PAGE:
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The Mass Media

The dwindling of concert etiquette

Fans+attend+a+Lil+Uzi+Vert+concert+at+the+MGM+Music+Hall+at+Fenway.+Photo+by+Olivia+Reid+%2F+Photography+Editor.
Olivia Reid
Fans attend a Lil Uzi Vert concert at the MGM Music Hall at Fenway. Photo by Olivia Reid / Photography Editor.

Nothing is more delightful than being wrapped up in the intense, lush sounds of live music. In a room full of people, you feel an inexplicable connection to the artist and their craft. It’s incredible to hear songs that you’ve fallen in love with being played right before your own eyes. Getting ready, waiting in line outside the venue and trying to be patient as you anticipate the show’s beginning all elevate the joy of the event. Sometimes there is no seating, and you must stand with countless others—people you do not know but are somehow connected to. Concerts are places to bond and make community, even briefly.

Despite these great advantages, there has been an increase in incidents that have soured the concert-going experience. Clips have been circling online of attendees harassing performers, arguing amongst each other or even fighting. There have been countless examples of concertgoers using inappropriate language, disregarding others’ personal space and refusing to follow venue rules. Understanding the impact and implications of this behavior on the world of live music is of the essence. 

Since my freshman year of high school, I have attended thirty concerts. All of them were special and memorable in their own way and allowed me to experience a variety of genres live. However, I have also seen and been involved in an alarmingly high number of negative incidents before, during and after shows. I absolutely am aware that these situations seem to become more frequent as time has moved on.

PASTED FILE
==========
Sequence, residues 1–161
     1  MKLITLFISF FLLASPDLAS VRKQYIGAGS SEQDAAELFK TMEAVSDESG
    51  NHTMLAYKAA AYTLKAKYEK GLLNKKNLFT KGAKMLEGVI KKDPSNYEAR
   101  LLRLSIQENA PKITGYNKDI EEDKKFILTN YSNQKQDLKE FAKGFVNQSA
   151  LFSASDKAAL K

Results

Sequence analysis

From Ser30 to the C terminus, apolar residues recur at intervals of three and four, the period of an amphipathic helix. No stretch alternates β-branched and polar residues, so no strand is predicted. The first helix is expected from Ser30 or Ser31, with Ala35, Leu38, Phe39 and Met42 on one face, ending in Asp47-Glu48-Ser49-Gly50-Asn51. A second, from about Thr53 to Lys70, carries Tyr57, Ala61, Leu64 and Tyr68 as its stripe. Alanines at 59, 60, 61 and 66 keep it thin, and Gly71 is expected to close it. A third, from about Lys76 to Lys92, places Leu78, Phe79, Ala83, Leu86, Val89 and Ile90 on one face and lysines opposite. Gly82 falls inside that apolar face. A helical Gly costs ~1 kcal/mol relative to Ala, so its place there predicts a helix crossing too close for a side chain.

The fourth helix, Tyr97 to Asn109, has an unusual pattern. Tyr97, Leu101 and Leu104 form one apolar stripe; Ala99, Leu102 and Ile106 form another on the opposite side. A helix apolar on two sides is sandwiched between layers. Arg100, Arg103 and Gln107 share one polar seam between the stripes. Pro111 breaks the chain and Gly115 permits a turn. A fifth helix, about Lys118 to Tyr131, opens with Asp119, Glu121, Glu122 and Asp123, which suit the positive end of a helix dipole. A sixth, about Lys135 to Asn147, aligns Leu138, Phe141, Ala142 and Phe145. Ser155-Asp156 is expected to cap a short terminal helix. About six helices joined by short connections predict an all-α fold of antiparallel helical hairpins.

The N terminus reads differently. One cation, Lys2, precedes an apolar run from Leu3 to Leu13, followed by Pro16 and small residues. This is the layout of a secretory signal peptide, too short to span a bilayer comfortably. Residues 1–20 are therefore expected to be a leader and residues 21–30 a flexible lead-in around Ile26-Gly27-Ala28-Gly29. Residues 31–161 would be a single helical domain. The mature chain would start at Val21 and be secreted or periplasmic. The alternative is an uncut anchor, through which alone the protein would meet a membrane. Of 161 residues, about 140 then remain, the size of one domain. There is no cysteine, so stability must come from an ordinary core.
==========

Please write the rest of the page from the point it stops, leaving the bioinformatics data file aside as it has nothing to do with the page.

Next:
In 2019, rapper Tyler the Creator was traveling the country for his Igor tour. Boston’s show took place at Agganis Area, a sports and concert venue at Boston University. The floor section was packed, with people standing shoulder to shoulder, nearly on top of each other. As the openers, Goldlink and Jaden Smith, performed, the environment became more and more crowded, which is standard for a large show. I began to notice the demographics of the fans. We were a diverse group, but there was still a large number of White people in attendance. Most of the songs being performed included the N-word in their lyrics. So, it became obvious that not all people who were saying the N-word were Black themselves. Tyler the Creator himself noticed this too, and halfway through the show he called out, “Where all my Black people at?” The crowd had never been quieter as he listened to the response.  

Now this situation does not only exist at Tyler the Creator’s shows. It occurs at practically every single rap or hip-hop concert. There have been arguments made to justify these actions, but the reality is clear: The number of concertgoers using language not meant for them is insane. Additionally, it makes other fans and even performers incredibly uncomfortable. Aminé, a rapper known for his hit songs “Caroline” and “Reel It In,” is known to call out non-Black people saying the N-word at his shows. In 2017, during his NPR Tiny Desk Concert, Aminé replaced a line in “Caroline” from “killa, westside ni**a” to “if you ain’t Black don’t say it.” [1] Since then, he has kept up the tradition of using this new lyric at his shows. In 2018, Grammy-award winning rapper Kendrick Lamar invited a White fan up on stage to rap a portion of one of his songs. That fan proceeded to say the N-word a multitude of times, prompting Lamar to stop their performance and call out their error. [2] Although there has been an enormous and ongoing debate about who can use the N-word, these instances have been widely seen as disrespectful.